A giant has passed from the earth, the same earth that he shaped so powerfully. John Mason has died at the age of 91.
Mason was a man of the American West – born in Nebraska, raised in Nevada, and based in California for the whole of his long career. From the heartland of his youth he retained a certain quiet integrity, and also a sense of grand scale. But it was Los Angeles that served as the crucible for his art. He gravitated toward ceramics early on, never to let it go – studying initially at the Los Angeles Art Institute (later Otis) and then at the Chouinard Art Institute with the potter Susan Peterson; Ken Price was in the same night class.
It was in 1954 that he met Peter Voulkos, who was at first a mentor and then an ally. Though quite different in their approach, the two men had tremendous stores of energy and willpower, which they directed toward a shared project: the complete reinvention of their medium. Within three years they were also sharing a large studio on Glendale Boulevard, outfitted with industrial scale equipment. They started transforming clay into sculpture, ton by ton.
Photographs taken in this studio show Mason working vast quantities of material, shifting it with all his might either on the floor or against the wall. These images irresistibly recall Hans Namuth’s iconic pictures of Jackson Pollock in his own studio. Indeed, what Pollock and the other Abstract Expressionists were achieving in paint on the east coast, Mason was doing in ceramic out west: gestural abstraction at massive scale. His largest works, like Blue Wall (1959), were wholly unprecedented: phenomenological sculptures that seemed to materialize perspectival sight lines, as big as buildings but totally liberated from decorative architectural ceramics.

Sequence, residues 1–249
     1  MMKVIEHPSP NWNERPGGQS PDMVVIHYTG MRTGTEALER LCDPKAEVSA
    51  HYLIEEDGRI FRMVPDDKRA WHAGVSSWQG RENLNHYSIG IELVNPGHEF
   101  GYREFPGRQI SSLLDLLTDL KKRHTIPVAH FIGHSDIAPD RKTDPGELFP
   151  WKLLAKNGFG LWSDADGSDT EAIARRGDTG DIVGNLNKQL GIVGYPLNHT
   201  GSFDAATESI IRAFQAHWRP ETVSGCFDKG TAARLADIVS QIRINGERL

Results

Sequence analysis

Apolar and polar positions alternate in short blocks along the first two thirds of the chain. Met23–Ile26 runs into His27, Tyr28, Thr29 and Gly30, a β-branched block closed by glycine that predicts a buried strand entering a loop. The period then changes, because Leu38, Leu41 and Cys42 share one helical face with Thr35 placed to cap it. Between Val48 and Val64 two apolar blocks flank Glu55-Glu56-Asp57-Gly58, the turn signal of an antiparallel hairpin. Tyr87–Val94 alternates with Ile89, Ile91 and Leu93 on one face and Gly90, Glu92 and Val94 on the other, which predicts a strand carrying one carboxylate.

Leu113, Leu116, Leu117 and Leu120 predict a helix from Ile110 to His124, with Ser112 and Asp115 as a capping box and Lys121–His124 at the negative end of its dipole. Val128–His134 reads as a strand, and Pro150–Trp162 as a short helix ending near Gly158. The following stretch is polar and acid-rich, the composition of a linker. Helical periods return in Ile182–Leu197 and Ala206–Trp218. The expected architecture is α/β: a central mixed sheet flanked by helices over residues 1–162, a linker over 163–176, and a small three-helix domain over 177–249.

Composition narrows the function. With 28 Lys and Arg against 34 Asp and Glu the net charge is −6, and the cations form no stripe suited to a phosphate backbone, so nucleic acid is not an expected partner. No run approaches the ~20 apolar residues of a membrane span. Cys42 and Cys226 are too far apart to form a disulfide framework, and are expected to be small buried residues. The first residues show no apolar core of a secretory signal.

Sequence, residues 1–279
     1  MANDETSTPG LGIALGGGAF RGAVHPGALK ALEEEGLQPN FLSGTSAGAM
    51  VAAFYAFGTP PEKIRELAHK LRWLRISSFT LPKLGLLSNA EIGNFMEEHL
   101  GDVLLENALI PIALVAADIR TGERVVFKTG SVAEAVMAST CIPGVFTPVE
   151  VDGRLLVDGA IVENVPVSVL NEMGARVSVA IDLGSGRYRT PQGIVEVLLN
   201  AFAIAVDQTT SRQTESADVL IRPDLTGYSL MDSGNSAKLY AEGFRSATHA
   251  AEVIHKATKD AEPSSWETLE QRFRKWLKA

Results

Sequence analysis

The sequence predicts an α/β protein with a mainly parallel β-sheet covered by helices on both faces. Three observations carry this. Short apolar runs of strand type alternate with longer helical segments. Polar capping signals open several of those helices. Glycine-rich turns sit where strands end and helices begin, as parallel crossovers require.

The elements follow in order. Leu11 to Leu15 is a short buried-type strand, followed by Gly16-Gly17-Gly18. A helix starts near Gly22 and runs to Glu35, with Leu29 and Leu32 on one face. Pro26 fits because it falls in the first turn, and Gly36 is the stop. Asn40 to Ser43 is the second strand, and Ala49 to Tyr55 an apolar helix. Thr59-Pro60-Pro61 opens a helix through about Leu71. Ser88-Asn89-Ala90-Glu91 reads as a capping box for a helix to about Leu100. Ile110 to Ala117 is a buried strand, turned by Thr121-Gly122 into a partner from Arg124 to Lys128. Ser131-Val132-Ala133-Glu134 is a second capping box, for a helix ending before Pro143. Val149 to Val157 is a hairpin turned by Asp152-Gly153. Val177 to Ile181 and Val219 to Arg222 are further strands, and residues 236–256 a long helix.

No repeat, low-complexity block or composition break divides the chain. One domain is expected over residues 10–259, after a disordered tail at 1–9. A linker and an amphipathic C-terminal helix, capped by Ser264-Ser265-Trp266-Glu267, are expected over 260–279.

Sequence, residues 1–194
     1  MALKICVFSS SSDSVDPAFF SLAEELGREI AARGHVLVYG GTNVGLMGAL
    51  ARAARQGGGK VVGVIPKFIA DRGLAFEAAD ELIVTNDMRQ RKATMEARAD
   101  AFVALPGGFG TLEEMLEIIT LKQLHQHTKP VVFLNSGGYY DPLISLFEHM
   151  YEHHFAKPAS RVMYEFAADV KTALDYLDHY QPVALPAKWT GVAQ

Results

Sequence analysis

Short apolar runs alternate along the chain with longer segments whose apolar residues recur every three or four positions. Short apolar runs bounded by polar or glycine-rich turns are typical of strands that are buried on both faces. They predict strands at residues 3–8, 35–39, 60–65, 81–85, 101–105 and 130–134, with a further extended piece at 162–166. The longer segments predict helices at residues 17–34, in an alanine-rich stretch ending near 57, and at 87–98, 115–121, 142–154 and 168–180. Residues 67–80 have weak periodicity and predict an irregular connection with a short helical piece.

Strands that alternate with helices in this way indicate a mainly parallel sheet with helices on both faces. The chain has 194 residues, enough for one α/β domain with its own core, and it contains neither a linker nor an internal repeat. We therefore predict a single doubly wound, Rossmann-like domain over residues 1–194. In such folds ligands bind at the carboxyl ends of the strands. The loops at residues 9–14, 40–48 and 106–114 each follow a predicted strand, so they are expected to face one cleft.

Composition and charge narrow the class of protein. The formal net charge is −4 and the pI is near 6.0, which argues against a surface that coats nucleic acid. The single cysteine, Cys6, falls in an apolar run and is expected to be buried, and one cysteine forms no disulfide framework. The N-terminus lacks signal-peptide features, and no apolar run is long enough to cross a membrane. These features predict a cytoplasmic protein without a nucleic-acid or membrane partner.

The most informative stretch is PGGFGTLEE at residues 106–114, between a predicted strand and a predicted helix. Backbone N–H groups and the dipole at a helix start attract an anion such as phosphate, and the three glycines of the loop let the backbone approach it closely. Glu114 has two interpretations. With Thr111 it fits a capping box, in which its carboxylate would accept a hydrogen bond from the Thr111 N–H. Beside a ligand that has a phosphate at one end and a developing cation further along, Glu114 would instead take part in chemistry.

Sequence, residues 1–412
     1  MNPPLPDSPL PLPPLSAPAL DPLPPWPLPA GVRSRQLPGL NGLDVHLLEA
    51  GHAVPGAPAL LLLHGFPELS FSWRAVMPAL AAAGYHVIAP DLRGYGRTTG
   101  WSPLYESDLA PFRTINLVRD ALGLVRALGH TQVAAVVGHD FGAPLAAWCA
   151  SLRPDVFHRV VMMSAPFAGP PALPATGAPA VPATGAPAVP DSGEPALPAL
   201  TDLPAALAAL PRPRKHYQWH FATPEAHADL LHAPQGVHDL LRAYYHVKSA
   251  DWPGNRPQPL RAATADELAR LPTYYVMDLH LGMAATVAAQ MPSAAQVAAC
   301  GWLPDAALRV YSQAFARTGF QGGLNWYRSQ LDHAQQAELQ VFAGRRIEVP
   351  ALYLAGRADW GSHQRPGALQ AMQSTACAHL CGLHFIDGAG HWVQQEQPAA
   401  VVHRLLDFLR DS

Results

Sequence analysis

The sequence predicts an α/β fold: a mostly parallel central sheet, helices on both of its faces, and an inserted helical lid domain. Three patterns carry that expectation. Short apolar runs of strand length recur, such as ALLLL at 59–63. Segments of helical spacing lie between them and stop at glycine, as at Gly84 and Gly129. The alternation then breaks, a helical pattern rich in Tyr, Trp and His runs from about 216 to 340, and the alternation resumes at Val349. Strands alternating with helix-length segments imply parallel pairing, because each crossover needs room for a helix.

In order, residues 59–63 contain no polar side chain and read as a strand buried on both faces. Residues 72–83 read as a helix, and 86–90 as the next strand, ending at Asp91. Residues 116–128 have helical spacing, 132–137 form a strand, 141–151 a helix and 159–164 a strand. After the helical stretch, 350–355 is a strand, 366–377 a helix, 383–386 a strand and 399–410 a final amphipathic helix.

During these years he showed at the pioneering Ferus Gallery, which introduced Los Angeles to the very concept of the avant garde, partly through the presentation of leading figures from New York City such as Jasper Johns, Frank Stella, and Andy Warhol. The Ferus also quickly established itself as the epicenter for California’s burgeoning contemporary art scene. In addition to artists with a close association to Mason, such as Price, Ed Moses, and Billy Al Bengston, the gallery also helped to launch local artists involved with Pop (like Ed Ruscha) and the perceptually oriented Light and Space movement (Robert Irwin and Larry Bell).
Mason had three monographic exhibitions at the Ferus from 1959 to 1963, meanwhile transforming himself into a primary exponent of geometric abstraction. Red X (1966), now in the collection of the Los Angeles County Museum of Art, still astounds: it would have been incredibly difficult to execute in clay, but also exploits the possibilities of the material through the addition of a free-flowing red glaze. Mason was given a one-person show at LACMA, prompting John Coplans, the influential curator and early editor of Artforum, to hold him up as an exemplar of craft and concept united: “That there has been little or no precedent for the use of this material as a prime medium for ambitious art is now no longer a matter of consequence or any barrier to its usage and acceptance… The richness and variety of the work Mason has produced over the past decade stand as a testament to the constant and extended dialogue between his artistic aspirations and his means.”